First Impression (5 out of 5)
Thermaltake has been trying to shed the image of being a budget chassis builder. The cases coming from Thermaltake the last couple of years tell me that they do not have to worry about this image any more. This case establishes this once more.
This is a very slick looking case, as the red stripe on the front panel door gives it a classy look. I really like the design, which is unusual because I am more drawn to aluminum then plastic. But this is a very tight case and I don’t mind the plastic.
Features (5 out of 5)
Points To Look At When Deciding To Buy This Case
The HDD cage can be placed in the case anyway you like. Thermaltake calls this “a directional free HDD cage.” The biggest advantage of a directional free HDD cage is that you can choose how air flows through the cage. The PSU tray is removable. This makes it easier to install the PSU in the case. The tray also features two mounting spots for 2.5” HDD’s. This is important because solid state hard drives are becoming cheaper every day. As you might know, SLC HDD’s are the fastest option out there to run your OS on.
No plastic levers or some other screwless design for the PCI cards. This is very important to me because I keep breaking what ever screwless design they put on the back of the case.
Case Type: Mid Tower
Front Bezel Material: Plastic
Side Panel: Solid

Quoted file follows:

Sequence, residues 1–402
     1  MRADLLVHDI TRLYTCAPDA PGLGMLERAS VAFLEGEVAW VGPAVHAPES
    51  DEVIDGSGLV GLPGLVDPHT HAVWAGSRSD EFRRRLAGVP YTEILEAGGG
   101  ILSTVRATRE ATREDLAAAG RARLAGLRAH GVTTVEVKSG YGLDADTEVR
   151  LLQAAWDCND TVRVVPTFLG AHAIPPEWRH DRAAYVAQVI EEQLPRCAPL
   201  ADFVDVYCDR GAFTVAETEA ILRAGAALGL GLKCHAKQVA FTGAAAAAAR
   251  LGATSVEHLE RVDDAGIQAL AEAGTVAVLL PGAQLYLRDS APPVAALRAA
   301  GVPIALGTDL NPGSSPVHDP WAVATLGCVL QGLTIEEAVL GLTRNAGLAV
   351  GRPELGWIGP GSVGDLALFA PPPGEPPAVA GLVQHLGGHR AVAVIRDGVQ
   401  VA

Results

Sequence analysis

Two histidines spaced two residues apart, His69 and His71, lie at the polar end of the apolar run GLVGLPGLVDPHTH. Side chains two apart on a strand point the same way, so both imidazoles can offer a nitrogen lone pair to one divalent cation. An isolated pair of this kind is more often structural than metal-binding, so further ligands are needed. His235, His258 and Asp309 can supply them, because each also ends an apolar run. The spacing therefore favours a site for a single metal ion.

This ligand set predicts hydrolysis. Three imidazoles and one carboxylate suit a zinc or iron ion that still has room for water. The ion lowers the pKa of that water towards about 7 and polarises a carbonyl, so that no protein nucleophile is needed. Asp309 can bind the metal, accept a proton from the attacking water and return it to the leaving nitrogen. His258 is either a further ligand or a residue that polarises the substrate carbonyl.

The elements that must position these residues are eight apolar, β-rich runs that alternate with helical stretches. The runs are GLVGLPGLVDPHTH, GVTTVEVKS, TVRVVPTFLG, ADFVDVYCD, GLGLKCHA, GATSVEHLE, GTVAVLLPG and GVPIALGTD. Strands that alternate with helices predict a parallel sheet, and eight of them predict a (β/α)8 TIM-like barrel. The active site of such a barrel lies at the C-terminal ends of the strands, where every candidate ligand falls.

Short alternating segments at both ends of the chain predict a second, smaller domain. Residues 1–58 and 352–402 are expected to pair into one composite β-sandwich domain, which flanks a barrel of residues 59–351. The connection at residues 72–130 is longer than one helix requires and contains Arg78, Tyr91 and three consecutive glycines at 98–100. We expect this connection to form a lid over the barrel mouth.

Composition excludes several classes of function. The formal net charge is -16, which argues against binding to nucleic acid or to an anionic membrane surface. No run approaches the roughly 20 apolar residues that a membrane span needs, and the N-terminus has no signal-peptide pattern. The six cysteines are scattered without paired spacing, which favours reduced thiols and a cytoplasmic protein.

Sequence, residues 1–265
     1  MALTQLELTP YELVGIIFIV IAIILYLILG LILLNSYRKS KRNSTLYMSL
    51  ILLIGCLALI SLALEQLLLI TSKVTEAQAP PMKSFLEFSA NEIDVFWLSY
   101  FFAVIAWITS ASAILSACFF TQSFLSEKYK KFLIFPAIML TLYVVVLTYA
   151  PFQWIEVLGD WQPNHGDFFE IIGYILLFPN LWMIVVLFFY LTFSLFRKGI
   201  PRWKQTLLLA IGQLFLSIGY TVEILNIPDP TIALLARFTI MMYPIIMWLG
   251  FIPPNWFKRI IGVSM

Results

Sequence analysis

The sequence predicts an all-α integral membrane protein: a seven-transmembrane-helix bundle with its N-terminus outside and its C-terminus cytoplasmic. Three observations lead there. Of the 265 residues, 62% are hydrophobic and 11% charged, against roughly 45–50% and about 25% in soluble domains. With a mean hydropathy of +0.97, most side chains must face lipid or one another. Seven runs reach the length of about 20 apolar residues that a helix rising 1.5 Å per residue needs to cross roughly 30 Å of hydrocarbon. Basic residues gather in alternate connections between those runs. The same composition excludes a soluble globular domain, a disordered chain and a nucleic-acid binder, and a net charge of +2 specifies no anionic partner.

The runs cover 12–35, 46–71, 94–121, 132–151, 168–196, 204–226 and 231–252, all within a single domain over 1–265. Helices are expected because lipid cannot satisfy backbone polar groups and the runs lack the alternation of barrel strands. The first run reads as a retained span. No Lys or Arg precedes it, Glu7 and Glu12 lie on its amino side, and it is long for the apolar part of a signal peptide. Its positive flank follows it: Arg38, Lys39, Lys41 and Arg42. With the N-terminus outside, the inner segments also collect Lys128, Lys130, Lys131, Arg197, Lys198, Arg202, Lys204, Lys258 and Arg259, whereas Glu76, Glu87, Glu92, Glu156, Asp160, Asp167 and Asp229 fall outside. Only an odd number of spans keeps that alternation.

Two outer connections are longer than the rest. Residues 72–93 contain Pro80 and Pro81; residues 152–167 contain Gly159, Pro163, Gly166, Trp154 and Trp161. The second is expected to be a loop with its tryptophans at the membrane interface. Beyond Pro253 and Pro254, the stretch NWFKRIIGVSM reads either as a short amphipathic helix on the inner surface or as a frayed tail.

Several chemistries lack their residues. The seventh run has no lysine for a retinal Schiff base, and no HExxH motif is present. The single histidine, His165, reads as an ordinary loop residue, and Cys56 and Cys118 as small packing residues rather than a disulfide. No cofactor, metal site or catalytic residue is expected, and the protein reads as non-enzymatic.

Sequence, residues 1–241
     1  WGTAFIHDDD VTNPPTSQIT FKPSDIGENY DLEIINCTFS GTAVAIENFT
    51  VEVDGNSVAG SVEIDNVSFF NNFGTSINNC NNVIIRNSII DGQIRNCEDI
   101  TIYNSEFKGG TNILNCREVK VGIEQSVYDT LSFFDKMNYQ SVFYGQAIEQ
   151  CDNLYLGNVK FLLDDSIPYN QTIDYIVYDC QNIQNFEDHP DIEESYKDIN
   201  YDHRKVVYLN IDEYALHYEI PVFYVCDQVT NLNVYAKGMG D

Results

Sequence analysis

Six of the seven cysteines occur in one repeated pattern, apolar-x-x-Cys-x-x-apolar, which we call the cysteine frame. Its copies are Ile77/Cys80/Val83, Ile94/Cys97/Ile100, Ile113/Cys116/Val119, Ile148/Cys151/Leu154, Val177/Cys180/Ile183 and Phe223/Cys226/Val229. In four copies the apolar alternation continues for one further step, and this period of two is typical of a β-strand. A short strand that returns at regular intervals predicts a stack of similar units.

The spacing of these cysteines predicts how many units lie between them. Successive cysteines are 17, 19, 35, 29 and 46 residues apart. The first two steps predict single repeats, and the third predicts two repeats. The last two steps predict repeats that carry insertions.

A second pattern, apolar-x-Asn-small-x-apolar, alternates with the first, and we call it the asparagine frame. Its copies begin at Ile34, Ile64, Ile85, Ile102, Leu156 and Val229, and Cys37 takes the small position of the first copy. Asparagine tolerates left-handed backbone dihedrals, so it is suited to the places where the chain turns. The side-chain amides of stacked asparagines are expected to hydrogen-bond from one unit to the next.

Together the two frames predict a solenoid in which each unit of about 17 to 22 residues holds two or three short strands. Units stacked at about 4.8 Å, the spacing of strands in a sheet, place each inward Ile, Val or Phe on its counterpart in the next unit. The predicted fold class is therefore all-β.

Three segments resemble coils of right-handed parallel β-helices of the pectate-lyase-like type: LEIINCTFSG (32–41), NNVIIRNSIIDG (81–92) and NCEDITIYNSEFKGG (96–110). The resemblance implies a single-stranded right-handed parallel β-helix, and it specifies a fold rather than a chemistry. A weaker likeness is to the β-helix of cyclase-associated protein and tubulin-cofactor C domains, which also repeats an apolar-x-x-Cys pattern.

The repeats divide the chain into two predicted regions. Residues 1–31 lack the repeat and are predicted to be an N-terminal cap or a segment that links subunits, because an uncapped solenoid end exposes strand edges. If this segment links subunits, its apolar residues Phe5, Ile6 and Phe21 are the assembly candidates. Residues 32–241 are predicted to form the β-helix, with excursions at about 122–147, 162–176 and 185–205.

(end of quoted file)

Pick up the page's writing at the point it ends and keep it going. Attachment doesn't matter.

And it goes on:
Motherboard Support: Micro ATX, Standard ATX
5.25" Drive Bay: 3
Int. 3.5" Drive Bay: 7
Expansion Slots: 7
Front I/O Ports: USB 2.0 x 2, eSATA & HD Audio ports Cooling System
Front (intake) : 120 x 120 x 25 mm TurboFan, 1300 rpm, 17 dBA : 120 x 120 x 25 mm (optional)
Rear (exhaust) : 140 x 140 x 25 mm TurboFan, 1000 rpm, 16 dBA
Top (exhaust) : 230 x 230 x 20 mm red LED fan, 800 rpm, 15 dBA
VGA (exhaust) :Two 60 x 60 mm fan (optional)
Power Supply Supported: Standard ATX PSII(optional)
Dimension (H*W*D): 505 (L) x 230 (W) x 540 (H) mm 21.3 (L) x 9.1 (W) x 19.9 (H) in
Net Weight: 19.49 lbs (8.84 kg)
What Would I Change On This Case (4 out of 5)
There is only one thing I can find that I would change on this case. The front panel controls I would have like to have seen behind a cover. This case has beautiful round lines, but the front panel controls break this design up. This might be intentional, but I just don’t like it.
Conclusion (4 out of 5)
Thermaltake wants this to be a case for professionals. I think they have succeeded in this goal. But any computer user should be happy with the Element S. It is a versatile medium sized tower that will fit a variety of computer hardware. The case has a design that would look good under or on any desk. Whether this is in the office or at home. The option to mount 2.5” HDD’s with out having to do so in a bracket is awesome. This case is quiet and makes me wish I had a db meter to measure how quiet.
If you have one or would like to share your opinion about why you wouldn’t like to buy one then please leave a comment on the corresponding blog post to this article.
Element S Thermaltake website
Buy the Element S on Amazon